Ever since automobile first came into being, body materials ranging from steel, iron and other metals to plastics, composites, and even wood have been jockeying for the position of the main structural material of the automobile. A few decades back, aluminum joined the race and very soon with its superior properties and characteristics, became a favored choice of automobile makers. Today, it is touted as the material of choice for advanced, next-gen vehicles from electrics to pick-up trucks.

Steel however continues to be the world’s most important and useful engineering material. What makes it so is it is highly ductile, malleable, tensile, corrosion-resistant, and above all, sports a shiny luster. When alloyed with small amounts of other metals, steel can acquire any characteristic that is needed. As far as metal consumption is concerned, steel continues to be the numero-uno, with China alone accounting for over 50% of global steel production.

On the other hand, Aluminum is a soft and lightweight metal with a dull-silvery appearance that stems from a thin layer of oxidation forming quickly when exposed to air. Non-toxic, non-magnetic, and non-sparkling, Aluminum in recent years has become the second-most consumed metal globally.


Although aluminum has been used for several years now in automobiles, its proportion in newer vehicles has increased steadily in recent years. The one factor where it has been scoring over steel is its lower density which makes it lighter than steel. Despite being lighter, aluminum is as strong as steel.

In an age where climate-change has become a cause for concern, fuel efficiency and carbon emission targets have become the norm the world over, and lighter fuel efficient vehicles, the favored customer choice. This is what is compelling the automobile industry to gravitate towards aluminum. Lighter fuel-efficient vehicles translate to lower fuel consumption, improved acceleration, better braking, and easier handling, supplemented by better fuel economy and significantly lower carbon dioxide emissions. According to a leading US consultancy, Ducker Worldwide, aluminum remains the fastest growing automotive material over competing materials and is entering its most unprecedented growth phases since the tracking of the shifting mix of automotive materials.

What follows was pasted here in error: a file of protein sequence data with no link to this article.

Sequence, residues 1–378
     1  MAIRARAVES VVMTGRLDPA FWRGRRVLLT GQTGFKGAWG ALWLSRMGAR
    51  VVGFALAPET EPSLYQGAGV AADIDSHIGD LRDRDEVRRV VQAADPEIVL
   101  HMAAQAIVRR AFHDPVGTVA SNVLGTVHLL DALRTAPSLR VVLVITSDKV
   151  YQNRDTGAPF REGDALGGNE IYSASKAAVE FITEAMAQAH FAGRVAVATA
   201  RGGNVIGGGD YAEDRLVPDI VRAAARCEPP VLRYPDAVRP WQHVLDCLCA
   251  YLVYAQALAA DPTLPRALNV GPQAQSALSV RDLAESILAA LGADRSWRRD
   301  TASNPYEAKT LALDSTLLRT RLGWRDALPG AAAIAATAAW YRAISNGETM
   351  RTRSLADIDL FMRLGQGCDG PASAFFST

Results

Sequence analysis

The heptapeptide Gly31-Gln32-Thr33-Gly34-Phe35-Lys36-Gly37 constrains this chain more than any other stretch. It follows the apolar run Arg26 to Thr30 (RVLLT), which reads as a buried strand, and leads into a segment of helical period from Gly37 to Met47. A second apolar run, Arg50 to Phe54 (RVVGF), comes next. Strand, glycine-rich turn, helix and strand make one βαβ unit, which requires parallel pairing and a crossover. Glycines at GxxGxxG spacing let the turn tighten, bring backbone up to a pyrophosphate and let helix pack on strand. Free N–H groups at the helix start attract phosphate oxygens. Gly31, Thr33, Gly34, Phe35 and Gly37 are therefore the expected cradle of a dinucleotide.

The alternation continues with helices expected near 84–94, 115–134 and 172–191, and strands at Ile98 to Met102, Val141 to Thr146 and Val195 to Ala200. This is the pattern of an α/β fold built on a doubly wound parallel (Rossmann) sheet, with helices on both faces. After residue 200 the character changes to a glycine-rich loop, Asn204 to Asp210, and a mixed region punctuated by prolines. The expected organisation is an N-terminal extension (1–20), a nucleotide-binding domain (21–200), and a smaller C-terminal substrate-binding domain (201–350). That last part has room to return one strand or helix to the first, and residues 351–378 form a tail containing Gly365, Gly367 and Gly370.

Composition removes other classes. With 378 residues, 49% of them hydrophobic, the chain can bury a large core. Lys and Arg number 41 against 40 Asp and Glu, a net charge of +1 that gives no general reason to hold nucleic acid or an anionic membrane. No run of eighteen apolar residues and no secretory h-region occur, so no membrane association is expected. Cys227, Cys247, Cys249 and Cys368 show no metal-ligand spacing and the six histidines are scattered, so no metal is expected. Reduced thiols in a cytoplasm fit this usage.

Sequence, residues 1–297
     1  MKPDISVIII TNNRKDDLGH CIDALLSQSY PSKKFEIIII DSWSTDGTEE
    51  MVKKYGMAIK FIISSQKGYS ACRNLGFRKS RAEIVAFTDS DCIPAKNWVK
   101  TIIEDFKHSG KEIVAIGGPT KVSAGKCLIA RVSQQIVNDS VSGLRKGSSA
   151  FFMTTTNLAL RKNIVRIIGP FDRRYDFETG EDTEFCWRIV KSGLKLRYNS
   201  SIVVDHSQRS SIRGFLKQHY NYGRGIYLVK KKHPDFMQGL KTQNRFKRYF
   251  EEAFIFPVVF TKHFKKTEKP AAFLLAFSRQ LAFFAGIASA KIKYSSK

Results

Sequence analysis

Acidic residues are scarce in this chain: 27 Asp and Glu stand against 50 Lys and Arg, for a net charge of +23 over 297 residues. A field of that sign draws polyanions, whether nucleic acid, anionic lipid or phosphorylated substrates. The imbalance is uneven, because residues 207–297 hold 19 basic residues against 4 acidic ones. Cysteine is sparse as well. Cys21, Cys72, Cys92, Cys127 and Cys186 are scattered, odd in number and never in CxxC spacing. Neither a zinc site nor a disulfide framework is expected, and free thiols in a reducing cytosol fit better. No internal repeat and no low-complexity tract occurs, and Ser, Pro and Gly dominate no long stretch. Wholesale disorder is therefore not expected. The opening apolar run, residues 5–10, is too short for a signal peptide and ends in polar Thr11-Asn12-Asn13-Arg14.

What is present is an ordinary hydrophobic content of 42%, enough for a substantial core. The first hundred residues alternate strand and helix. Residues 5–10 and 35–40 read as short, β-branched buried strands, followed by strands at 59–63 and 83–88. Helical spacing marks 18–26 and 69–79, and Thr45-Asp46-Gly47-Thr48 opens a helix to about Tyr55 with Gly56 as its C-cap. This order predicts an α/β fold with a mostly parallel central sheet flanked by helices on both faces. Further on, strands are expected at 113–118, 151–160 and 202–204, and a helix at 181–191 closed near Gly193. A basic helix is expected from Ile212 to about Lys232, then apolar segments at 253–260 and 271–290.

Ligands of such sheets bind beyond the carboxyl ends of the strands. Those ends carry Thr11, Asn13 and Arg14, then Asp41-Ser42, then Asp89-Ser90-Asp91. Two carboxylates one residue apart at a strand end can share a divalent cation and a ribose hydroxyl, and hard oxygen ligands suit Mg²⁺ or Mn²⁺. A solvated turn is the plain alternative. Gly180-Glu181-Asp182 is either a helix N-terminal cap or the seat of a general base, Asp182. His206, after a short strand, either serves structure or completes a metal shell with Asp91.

Despite the sudden shift towards aluminum, most car companies continue to rely heavily on steel which remains the dominant material in automobile manufacturing accounting for roughly 60% of the weight of an average automobile, making up the body frame, propeller shaft, seat frame, and exhaust tubes of modern cars. The reason for the continued dominance being that steel has the capability to withstand the extreme pressure generated by the car. Further it possesses exceptionally high torsional rigidity and is far cheaper than aluminum.


Among the most commonly used materials in the manufacturing industry, aluminum and steel share certain similarities in terms of appearance, but otherwise are different in many ways with own unique characteristics.

In what ways they are different is best summed up in the following ways.


Steel weighs more than aluminum as it’s stronger and more durable. Essentially 250% times denser than aluminum, steel is obviously heavier and due to its high density / weight, is less likely to bend under force or heat. On the other hand, Aluminum is extremely light-weight and half as dense as iron.

However, it is shape and structural rigidity that contributes to the strength of a structure. When it comes to that and when the two factors are optimized, aluminum is what provides similar reliability to a comparable steel structure at just half the weight. This means that aluminum made automobile can be built at a given strength that is two-thirds the weight of comparable steel built one. A good example of this are automakers like Tesla and Ford whose automobiles have aluminum bodies that translates the weight savings to the battery or payload capacity.

However some experts disagree. They point out that the body and chassis make-up half the weight of the average vehicle, and so material can make a huge difference in weight, stiffness, and strength of the vehicle. Herein, the tensile strength of steel is up-to 2,000 MPa (290,000psi) which is about four times stronger than the strongest aluminum alloys available today. The tensile strength difference means that aluminum parts need to enhance thickness to meet safety standards.

Automobile manufacturers will need to drastically reduce the weight of vehicles to meet the reduced fuel emissions criteria and GHG requirements. Herein, some automobile makers are gradually increasing the use of aluminum alloys as the first and main solution to make vehicles lighter. Likewise, some others are using advanced high-strength steels (AHSS) for their vehicles.

Overall, despite improvements, Steel still cannot compete with Aluminum when it comes to automobile light-weighting, especially in heavy passenger vehicles – SUVs and light trucks. Further, apart from a few critical areas pertaining to the safety of the passenger cabin (like longitudinal front, roofrail, and upper), an entire body-in-white from aluminum can be made. This will result in significant weight reductions and improved vehicle performance.